It was a faux pas, but she clarified the mistake later and all in all got through a tough situation. Check it out for yourself:

Watch CBS News Videos Online

Tuesday, November 3, 2009

Magic Johnson

When I was told I was going to be a part of the team securing D.C. media coverage for Magic Johnson, I just about fell out of my chair. We do a lot of media outreach at PCG, but this was different. Magic Johnson is an American icon, a boyhood idol for many and, as I would soon find out, one terrific public speaker.

Magic, in a partnership with Best Buy, came to Washington to talk to students at Bell Multicultural High School about entrepreneurship and the importance of education.

His visit was a huge hit. He captivated the 800 students in the Bell auditorium from the moment he took the stage. His celebrity helped, but it was his honesty that really won them over. He made it clear to his audience that he was one of them. He had grown up poor in Lansing, Mich., had struggled in school, and he knew first hand how difficult it can be to get ahead.

He spoke to the students and took questions from them for more than an hour and a half. They asked him about basketball-related subjects like Kobe Bryant and the Lakers. They also had pointed questions about living with HIV and how to get scholarships for college.

The opportunity to work in a school and experience the kids’ excitement was fantastic. We placed coverage of the event in The Washington Post, The Washington Examiner, several local blogs and on every local network affiliate as well as Comcast SportsNet. Check out Magic in action for yourself. Below is FOX 5’s coverage of the event.

Monday, November 2, 2009

Beltway Boo’s!

My kids are lucky enough to attend one of the D.C. area schools selected to participate in the White House Trick or Treat celebration (see Press Secretary Robert Gibbs briefing transcript from Friday, Oct. 30). My eight year old twins, Colin and Clare, go to Antietam Elementary School in Woodbridge, Va. They were two of only 175 kids and parents who received tickets.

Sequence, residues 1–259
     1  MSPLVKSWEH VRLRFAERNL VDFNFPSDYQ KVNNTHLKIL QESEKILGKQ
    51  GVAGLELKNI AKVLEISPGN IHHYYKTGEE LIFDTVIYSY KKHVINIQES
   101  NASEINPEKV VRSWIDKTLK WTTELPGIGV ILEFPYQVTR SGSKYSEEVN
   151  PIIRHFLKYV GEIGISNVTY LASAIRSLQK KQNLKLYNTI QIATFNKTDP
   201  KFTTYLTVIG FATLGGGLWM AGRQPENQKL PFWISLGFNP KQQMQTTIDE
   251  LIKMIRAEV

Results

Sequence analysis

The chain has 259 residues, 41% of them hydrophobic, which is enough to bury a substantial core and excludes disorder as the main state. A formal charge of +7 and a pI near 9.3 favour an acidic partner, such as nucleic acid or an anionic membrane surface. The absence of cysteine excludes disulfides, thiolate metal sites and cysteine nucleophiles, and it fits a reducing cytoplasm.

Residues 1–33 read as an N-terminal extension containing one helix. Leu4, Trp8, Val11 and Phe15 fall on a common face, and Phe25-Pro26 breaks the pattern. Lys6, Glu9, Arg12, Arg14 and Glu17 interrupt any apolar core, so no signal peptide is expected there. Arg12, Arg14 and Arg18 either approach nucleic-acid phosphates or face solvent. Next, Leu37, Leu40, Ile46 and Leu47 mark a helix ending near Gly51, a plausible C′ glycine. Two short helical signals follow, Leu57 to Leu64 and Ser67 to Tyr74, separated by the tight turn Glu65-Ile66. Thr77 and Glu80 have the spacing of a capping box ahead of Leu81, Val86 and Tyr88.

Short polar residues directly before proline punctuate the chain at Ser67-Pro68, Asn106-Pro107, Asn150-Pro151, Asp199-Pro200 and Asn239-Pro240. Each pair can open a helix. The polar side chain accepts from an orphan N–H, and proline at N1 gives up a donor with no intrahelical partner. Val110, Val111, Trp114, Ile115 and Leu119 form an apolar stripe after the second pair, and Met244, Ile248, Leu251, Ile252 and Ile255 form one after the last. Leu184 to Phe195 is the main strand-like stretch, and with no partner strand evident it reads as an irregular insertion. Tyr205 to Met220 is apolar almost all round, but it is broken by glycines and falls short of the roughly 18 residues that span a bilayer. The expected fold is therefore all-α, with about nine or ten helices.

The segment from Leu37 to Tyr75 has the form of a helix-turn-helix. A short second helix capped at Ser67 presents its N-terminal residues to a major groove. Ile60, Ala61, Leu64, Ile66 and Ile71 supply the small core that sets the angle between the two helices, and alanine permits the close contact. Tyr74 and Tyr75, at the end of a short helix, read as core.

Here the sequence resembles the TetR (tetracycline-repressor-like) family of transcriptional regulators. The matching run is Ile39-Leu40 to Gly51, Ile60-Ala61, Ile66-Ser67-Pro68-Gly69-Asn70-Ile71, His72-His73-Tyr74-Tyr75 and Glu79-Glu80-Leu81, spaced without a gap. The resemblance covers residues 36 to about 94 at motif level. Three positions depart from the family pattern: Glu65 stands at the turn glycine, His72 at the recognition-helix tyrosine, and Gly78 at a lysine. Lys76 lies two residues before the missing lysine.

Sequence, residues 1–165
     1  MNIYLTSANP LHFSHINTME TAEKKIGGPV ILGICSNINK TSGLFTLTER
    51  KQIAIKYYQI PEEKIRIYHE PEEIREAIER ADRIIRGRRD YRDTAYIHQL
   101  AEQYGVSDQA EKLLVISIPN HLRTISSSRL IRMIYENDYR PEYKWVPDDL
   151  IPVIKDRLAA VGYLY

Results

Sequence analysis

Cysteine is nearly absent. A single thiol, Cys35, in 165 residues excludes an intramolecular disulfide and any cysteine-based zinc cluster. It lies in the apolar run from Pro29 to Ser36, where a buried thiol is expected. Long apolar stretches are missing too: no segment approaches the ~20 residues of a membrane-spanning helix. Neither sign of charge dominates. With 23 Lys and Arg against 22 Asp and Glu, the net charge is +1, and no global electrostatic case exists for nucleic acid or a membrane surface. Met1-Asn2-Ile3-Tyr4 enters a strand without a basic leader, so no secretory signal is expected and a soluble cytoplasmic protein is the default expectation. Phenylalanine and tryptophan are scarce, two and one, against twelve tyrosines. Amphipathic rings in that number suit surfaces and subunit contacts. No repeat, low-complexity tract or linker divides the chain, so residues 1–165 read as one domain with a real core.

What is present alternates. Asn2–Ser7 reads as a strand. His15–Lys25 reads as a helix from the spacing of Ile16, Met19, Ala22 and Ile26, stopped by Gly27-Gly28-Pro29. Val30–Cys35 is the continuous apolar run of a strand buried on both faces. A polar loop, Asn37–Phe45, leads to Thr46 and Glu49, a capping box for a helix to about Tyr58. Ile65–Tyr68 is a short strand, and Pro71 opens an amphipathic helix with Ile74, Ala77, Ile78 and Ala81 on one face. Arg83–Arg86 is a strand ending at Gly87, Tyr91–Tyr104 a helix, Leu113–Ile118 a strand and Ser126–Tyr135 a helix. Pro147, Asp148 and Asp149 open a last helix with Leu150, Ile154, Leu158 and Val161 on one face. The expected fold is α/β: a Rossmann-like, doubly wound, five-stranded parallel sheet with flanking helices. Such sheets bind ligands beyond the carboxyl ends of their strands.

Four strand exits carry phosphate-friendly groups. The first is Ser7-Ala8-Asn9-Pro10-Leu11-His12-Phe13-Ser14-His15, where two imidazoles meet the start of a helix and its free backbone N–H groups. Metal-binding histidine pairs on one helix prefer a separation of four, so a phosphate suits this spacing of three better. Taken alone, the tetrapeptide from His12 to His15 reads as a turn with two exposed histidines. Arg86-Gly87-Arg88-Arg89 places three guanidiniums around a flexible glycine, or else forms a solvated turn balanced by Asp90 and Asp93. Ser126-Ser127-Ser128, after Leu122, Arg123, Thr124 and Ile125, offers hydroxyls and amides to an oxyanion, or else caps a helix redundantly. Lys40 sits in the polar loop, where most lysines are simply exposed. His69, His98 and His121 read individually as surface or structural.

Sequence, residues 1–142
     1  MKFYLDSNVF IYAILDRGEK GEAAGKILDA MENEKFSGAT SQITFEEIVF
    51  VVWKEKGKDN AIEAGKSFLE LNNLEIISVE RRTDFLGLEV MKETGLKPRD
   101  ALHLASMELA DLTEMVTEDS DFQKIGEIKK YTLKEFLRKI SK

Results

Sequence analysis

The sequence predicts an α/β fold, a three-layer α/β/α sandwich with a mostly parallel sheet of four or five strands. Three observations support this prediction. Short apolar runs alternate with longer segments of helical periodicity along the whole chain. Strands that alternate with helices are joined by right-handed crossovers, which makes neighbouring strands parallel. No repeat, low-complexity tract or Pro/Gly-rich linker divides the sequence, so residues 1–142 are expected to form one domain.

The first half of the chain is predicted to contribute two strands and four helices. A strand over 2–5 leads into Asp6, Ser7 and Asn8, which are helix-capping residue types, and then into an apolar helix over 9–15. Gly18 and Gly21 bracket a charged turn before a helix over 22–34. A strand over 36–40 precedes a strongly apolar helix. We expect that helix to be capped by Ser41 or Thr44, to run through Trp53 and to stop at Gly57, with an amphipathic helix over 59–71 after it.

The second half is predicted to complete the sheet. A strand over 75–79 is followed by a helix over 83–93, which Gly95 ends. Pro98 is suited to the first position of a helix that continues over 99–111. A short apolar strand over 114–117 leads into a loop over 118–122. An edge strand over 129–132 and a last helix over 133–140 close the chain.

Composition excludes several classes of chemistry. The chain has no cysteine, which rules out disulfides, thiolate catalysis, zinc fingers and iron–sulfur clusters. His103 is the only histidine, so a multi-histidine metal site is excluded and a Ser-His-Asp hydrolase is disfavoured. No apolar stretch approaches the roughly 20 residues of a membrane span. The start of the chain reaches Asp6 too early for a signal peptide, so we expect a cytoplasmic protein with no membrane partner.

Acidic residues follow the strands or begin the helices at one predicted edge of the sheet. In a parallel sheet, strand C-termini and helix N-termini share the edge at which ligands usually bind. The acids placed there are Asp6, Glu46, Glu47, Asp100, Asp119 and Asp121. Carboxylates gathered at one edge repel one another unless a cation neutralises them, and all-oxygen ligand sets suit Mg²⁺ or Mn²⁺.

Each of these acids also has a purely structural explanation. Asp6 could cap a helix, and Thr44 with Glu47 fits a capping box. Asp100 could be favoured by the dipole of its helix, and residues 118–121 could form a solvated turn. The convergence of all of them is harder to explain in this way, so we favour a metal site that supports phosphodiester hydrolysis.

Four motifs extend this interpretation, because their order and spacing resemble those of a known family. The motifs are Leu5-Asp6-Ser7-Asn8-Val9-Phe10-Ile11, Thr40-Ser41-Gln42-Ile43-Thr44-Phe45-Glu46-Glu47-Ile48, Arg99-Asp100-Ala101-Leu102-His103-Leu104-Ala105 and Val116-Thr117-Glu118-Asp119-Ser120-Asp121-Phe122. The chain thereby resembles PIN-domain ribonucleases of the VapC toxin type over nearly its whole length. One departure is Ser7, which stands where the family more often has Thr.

Along with our neighbors, we set off Saturday afternoon for the Pentagon City Metro to avoid parking hassles downtown – all in time to make our appointed 5:30 p.m. entrance time.

Entertainment on the grounds was to be Chicago’s Redmoon Theater. Some of their past performances got me excited to see what they might do for the First Family on Halloween!

Well, it was fantastic! Due to the threat of rain, we were prepared and dressed warmly. The kids were impressed, but getting treats from the President and First Lady was such fun for all of us. And the entertainment did not disappoint!

After 20 years in the D.C. area, and countless strolls down Pennsylvania Avenue, this was the first time any of us had been on the White House grounds themselves. What fun! I know there was some small controversy over which kids and schools should be invited, but we were thrilled to have an opportunity to be a part of it all!

Covering the Coverage (Episode 1)

“Thus the stakes are greater than when we began to chronicle this story four years ago, for another failure almost certainly will lead to greater public disgust and political turmoil.”

That’s the final sentence of the forward to the paperback edition of The System: The Way of American Politics at the Breaking Point, written in January 1997, by two of Washington’s savviest political journalists, Haynes Johnson and David Broder. The book tells, in great detail, the story of the epic failure of Bill Clinton’s attempt to pass health care reform in 1993 and 1994.

We’ve been rereading the book in light of Barack Obama’s attempt to finish the job, and we highly recommend it.

We’re a non-partisan bunch at PCG. So, rather than dwell on the details of health care policy, this seems like a good time to take a look at the first draft of history that’s still being written on the subject.

With Johnson’s and Broder’s “chronicle” still fresh in our minds, we present the first in a regular series looking at political journalism through our PR lens. Here are our five favorite links from the health-care battles of the summer and early fall, each using a different public relations approach (from personal connections to the flash-mob style of the Tea Partiers):

The summer what was - The Town Halls of August

When the political is personal - “How American Health Care Killed My Father”

Sound analysis of both the policies and politics in play – “The Treatment” blog at The New Republic

What do the CBO’s numbers really mean? – “…those numbers are just numbers”

A recent look at how an actual bill might pass both houses – “End Game”